The Cairo Center

The Cairo Center

THE story of the Cairo Center is a story of the mirac­ulous love and power of the Lord. Christian leaders of both Orthodox and Protestant denominations have been amazed to learn that Seventh-day Adventists received per­mission to build such an institution on one of the city's main squares.

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THE story of the Cairo Center is a story of the mirac­ulous love and power of the Lord. Many leading govern­ment officials have expressed great surprise when they found our Center in such a prominent location. Christian leaders of both Orthodox and Protestant denominations have been amazed to learn that Seventh-day Adventists received per­mission to build such an institution on one of the city's main squares.

Cairo is one of the great cities of the world. With a population of 3.5 million (1960 census), it is not only the largest city of the Middle East and Moslem world but also of the continent of Africa. Cairo is a great crossroads between East and West. It is also a famous tourist center, with tens of thousands coming annually to see the splendors of the past and to be equally impressed with the beauty and progress of the present. Actually, the city has become the showplace of the United Arab Republic, and visitors who see the modernistic skyscrapers and apartment buildings and ride down the tree-lined four-lane boulevards may take away the impression that all is equally westernized and prosperous.

The truth is that only a small percentage enjoy what might be called a comfortable living. Although there is no caste system in Egypt, there is a tremendous difference in the standard of living between the poor (which comprise the vast majority) and the rich and middle classes. The homes of illiterate peasants (fellahin) may contain no furniture of any kind or at best only a table and a few chairs and beds. The way they live, their customs, their work, has changed but little from ancient times. All classes are found in Cairo, and the Advent-ist worker must learn to adapt his work to varied backgrounds of religion, customs., economic standards, and education.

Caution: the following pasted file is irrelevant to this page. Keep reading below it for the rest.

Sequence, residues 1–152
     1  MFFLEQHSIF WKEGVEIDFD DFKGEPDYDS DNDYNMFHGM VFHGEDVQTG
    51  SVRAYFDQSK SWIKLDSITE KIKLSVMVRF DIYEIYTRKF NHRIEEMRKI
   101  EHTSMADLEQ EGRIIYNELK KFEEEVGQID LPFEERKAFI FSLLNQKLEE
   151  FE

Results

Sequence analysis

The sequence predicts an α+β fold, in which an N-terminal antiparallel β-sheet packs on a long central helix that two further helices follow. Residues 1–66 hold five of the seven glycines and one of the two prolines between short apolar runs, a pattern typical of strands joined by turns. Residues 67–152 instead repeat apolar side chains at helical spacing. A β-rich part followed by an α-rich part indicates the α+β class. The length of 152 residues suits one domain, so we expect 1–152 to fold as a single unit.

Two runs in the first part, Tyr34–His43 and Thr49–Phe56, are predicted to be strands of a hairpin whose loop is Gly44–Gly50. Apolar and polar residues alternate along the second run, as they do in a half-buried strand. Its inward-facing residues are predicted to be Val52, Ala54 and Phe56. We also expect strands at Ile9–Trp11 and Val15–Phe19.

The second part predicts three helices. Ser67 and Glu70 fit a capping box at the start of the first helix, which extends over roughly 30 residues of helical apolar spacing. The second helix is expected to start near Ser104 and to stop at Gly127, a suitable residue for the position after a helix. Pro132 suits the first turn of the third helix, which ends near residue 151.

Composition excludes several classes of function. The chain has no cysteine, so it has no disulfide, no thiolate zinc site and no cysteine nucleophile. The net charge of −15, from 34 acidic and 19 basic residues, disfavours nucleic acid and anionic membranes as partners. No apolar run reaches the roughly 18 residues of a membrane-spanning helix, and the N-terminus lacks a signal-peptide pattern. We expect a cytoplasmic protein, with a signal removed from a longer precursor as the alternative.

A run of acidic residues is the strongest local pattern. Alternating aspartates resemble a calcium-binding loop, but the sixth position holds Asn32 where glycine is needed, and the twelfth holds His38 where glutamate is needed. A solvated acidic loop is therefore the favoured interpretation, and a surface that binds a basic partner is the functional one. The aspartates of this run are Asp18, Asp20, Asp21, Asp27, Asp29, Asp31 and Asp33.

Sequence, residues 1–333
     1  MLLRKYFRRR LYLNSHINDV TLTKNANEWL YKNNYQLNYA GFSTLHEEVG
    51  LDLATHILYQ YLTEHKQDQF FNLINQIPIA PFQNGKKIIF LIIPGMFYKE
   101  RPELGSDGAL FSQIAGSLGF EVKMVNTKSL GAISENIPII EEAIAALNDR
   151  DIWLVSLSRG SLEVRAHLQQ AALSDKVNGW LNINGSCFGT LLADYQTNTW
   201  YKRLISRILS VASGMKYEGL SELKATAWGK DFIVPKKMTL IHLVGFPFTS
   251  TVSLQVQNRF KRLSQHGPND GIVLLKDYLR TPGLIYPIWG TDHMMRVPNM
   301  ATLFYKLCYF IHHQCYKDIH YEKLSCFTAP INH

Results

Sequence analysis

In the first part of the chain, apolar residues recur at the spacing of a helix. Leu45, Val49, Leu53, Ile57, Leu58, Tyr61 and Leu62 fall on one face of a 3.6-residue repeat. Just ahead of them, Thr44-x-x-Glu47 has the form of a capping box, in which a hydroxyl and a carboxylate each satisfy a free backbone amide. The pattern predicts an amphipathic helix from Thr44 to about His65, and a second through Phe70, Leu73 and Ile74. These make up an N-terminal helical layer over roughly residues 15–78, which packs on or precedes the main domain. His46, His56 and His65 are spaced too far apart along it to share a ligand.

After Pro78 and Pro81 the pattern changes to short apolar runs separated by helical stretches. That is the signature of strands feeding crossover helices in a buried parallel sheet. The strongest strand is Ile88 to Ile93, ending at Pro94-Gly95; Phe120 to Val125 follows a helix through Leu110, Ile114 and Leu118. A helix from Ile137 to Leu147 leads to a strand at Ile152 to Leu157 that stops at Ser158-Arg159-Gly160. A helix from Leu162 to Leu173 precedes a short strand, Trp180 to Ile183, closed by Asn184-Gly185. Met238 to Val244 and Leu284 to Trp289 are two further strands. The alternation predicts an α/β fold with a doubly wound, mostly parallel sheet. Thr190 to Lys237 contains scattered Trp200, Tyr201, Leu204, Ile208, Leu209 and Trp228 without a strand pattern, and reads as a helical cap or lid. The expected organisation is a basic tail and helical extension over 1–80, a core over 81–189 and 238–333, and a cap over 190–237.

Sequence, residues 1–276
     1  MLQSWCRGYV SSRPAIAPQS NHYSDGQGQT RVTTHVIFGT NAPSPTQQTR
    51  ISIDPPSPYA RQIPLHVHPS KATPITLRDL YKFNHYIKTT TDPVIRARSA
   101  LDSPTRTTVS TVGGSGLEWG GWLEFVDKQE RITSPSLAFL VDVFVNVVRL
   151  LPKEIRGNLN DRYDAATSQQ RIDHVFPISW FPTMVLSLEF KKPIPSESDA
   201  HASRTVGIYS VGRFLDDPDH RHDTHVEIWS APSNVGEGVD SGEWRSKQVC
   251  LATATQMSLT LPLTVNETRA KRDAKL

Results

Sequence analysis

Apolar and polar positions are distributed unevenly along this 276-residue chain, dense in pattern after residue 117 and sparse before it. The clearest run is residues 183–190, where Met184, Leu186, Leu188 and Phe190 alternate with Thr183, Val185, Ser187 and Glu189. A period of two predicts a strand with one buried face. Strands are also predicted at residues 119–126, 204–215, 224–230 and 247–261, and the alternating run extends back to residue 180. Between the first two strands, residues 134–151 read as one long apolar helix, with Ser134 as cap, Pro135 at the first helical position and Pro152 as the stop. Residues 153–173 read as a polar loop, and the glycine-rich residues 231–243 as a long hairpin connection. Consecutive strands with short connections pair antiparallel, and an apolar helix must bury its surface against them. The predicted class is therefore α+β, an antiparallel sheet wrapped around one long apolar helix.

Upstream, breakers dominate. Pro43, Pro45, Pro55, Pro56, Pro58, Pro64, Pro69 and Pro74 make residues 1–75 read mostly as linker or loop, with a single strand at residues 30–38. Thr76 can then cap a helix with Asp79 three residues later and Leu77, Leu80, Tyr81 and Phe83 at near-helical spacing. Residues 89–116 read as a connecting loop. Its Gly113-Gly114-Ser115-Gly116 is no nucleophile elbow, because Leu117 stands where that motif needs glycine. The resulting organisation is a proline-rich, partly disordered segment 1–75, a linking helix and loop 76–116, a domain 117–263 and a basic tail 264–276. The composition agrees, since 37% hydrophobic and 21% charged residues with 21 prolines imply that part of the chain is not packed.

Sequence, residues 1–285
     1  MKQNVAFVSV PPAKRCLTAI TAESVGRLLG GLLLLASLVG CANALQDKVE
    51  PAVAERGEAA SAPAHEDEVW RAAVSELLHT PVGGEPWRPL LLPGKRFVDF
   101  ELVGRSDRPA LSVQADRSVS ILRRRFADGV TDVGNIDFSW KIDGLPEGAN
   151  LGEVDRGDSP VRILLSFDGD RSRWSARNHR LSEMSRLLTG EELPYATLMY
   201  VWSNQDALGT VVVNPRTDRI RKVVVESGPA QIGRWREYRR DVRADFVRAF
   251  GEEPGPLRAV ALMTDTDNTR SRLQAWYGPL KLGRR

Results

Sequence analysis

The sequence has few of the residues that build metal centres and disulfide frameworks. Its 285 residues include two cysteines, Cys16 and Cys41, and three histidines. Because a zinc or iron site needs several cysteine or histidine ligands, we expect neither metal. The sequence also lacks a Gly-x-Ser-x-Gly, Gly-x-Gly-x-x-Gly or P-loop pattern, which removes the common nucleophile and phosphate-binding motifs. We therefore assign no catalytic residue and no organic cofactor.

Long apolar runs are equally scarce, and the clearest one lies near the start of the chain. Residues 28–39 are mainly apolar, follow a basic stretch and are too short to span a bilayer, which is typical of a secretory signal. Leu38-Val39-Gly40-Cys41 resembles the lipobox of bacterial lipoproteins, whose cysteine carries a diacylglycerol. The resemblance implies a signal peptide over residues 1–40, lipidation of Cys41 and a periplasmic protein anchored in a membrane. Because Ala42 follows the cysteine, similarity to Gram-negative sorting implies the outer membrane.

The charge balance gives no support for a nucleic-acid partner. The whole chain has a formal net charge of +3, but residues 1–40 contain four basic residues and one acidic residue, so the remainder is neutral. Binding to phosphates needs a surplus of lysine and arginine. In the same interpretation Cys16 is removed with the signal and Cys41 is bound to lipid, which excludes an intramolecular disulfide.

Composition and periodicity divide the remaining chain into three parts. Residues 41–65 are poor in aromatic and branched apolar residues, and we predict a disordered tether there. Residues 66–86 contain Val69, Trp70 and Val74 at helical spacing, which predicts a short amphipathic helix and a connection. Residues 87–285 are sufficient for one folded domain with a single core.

Although Mecca is the famous holy city for the world's 350 million Moslems, Cairo is considered the headquarters of Islam. It is here at El Azhar University, founded more than a thousand years ago, that Mos­lems from all over the world come for spe­cial training in understanding and propa­gating Islam.

For a number of years our workers and members in Cairo have wondered how it would ever be possible to evangelize this great city. We did not have a church for our city membership, but rented a reno­vated garage. Several efforts were held in small and poorly situated halls and their success was, quite naturally, limited.

About ten years ago a choice piece of property was secured upon which to build a church. This property was on one of the most important squares in downtown Cairo. Just across the square is the main railway station, and all bus and tram lines, converge there.

It was found, however, that it would be impossible to secure a permit to construct a conventional type of church in this loca­tion. The Government of the U.A.R. makes it difficult for any Christian organi­zation to build a church, and especially would this be the case on a central square. The question was whether we should sell our property and secure a less central spot for a church.

It was about this time that the centers in New York and London were proving to be successful, and plans were under way to establish such centers in other major cities of the world. Elder Neal C. Wilson, at that time president of the Nile Union, along with others in the Nile Union and the Middle East Division, became con-vlnced that our property should be kept and that a center should be established and a strong and continuous program of evange­lism be carried on for the mil­lions in Cairo.